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Correspondent
Scott-Michael
Posts: 55
Registered: ‎02-24-2012
0 Kudos

Re: Book and e-book pricing

Just noticed that Doug has links to posts he created with steps on how to violate the Copyright Act [and DMCA].

Doug, your opinion is that copying an e-book is a violation of DMCA, "What "copyright" is about is the right to make copies. Breaking e-book DRM requires making a copy, and it's still covered under the DMCA."

Doug says, "To share B&N e-books, just copy them your from one NOOK to the other."

3 Steps to Copyright Infringement, by Doug Pardee

1. Doug purchases an e-book from bn.com [copy 1]
2. Doug copies the e-book from his Nook to his laptop [copy 2]
3. Doug copies the e-book from his laptop to his mothers Nook [copy 3]

Some people settle for less...
Frequent Contributor
ellsbells930
Posts: 169
Registered: ‎09-03-2010

Re: Book and e-book pricing

[ Edited ]

Barnes & Noble has said this is fine.  It was in many posts when the first edition came out.   It doesn't actually break the DRM.  You still have to put in the credit card that was used to purchase the book in order to open it.

Bibliophile
bklvr896
Posts: 4,812
Registered: ‎12-31-2009
0 Kudos

Re: Book and e-book pricing

[ Edited ]

ellsbells930 wrote:

Barnes & Noble has said this is fine.  It was in many posts when the first edition came out.   It doesn't actually break the DRM.  You still have to put in the credit card that was used to purchase the book in order to open it.


B&N doesn't have the authority to say this is fine, they don't own the copyright on the books.  The fact that B&N social DRM allows you to do this doesn't necessarily make it ok.  If you read the copyright on most books it says you are granted the non-exclusive, non transferable right to access and read the text.

 

And I don't recall BN ever saying it was ok, users figured out how to do and shared it, but none of those posts were official posts and I'm pretty sure it's not in the user guide anywhere.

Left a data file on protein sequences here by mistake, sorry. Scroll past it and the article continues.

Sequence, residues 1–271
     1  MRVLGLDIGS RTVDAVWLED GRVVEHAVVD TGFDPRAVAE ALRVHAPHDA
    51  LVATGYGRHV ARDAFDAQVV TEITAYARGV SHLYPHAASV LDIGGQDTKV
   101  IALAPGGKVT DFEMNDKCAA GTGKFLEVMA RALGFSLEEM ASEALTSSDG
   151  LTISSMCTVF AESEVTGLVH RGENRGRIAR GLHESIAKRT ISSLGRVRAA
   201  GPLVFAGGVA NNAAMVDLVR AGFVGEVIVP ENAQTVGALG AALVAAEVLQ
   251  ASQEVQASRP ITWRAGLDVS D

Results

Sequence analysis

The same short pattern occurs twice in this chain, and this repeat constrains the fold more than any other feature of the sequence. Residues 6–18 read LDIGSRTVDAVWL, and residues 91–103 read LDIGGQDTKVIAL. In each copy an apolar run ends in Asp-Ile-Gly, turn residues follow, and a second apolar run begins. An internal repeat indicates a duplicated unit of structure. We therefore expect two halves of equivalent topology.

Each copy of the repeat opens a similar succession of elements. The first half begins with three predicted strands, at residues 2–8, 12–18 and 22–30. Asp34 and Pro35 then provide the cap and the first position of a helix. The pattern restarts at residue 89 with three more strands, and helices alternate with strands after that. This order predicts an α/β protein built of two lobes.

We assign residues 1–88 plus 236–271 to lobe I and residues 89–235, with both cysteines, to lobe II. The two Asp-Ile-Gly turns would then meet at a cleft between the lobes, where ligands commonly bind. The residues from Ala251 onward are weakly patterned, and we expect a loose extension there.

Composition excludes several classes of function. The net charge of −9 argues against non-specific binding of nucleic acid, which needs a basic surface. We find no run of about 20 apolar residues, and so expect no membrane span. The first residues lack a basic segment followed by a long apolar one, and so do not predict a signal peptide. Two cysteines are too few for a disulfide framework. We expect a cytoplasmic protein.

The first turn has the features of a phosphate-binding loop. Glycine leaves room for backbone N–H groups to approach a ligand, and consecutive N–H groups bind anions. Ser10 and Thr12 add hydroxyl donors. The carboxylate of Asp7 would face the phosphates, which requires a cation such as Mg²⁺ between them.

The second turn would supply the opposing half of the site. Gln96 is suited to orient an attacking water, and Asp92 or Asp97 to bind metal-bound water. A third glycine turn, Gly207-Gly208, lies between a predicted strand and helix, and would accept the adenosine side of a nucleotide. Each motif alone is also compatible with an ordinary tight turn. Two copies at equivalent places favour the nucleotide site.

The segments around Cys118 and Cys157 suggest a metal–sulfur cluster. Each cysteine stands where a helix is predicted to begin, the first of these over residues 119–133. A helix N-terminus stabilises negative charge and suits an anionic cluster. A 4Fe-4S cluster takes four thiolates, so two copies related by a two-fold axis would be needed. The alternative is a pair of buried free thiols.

Distinguished Bibliophile
keriflur
Posts: 6,711
Registered: ‎01-05-2010
0 Kudos

Re: Book and e-book pricing


bklvr896 wrote:

ellsbells930 wrote:

Barnes & Noble has said this is fine.  It was in many posts when the first edition came out.   It doesn't actually break the DRM.  You still have to put in the credit card that was used to purchase the book in order to open it.


B&N doesn't have the authority to say this is fine, they don't own the copyright on the books.  The fact that B&N social DRM allows you to do this doesn't necessarily make it ok.  If you read the copyright on most books it says you are granted the non-exclusive, non transferable right to access and read the text.

 

And I don't recall BN ever saying it was ok, users figured out how to do and shared it, but none of those posts were official posts and I'm pretty sure it's not in the user guide anywhere.


By agreeing to sell using the DRM scheme, the publishers (the copyright holders) are effectively saying this is acceptable.

Distinguished Bibliophile
RHWright
Posts: 1,619
Registered: ‎10-21-2009
0 Kudos

Re: Book and e-book pricing


keriflur wrote:

bklvr896 wrote:

ellsbells930 wrote:

Barnes & Noble has said this is fine.  It was in many posts when the first edition came out.   It doesn't actually break the DRM.  You still have to put in the credit card that was used to purchase the book in order to open it.


B&N doesn't have the authority to say this is fine, they don't own the copyright on the books.  The fact that B&N social DRM allows you to do this doesn't necessarily make it ok.  If you read the copyright on most books it says you are granted the non-exclusive, non transferable right to access and read the text.

 

And I don't recall BN ever saying it was ok, users figured out how to do and shared it, but none of those posts were official posts and I'm pretty sure it's not in the user guide anywhere.


By agreeing to sell using the DRM scheme, the publishers (the copyright holders) are effectively saying this is acceptable.


Not sure I agree, @keriflur.

 

It's kind of like saying that since a car is made to go faster than the posted speed limit, that manufacturers are saying speeding is acceptable. Or that since you can run over and kill someone with a car, that the manufacturer is saying that vehicular homicide is acceptable.

 

Many products can be used in unintended or specifically prohibited ways. It doesn't mean the manufacturer agree it's acceptable to do so. They'll put exclusions in contracts, terms of service, or safety warnings. Or, sadly, assume you have some common sense. Simply because you can & do otherwise, doesn't mean they find it acceptable.

 

On the other hand, an ethical argument can be made for the type of book sharing under discussion. I doubt, based on observation, that most publishers would find the argument compelling or the practice acceptable.

 

They probably just don't see the ROI in provoking customers over the point.

Distinguished Bibliophile
keriflur
Posts: 6,711
Registered: ‎01-05-2010
0 Kudos

Re: Book and e-book pricing


RHWright wrote:

keriflur wrote:

bklvr896 wrote:

ellsbells930 wrote:

Barnes & Noble has said this is fine.  It was in many posts when the first edition came out.   It doesn't actually break the DRM.  You still have to put in the credit card that was used to purchase the book in order to open it.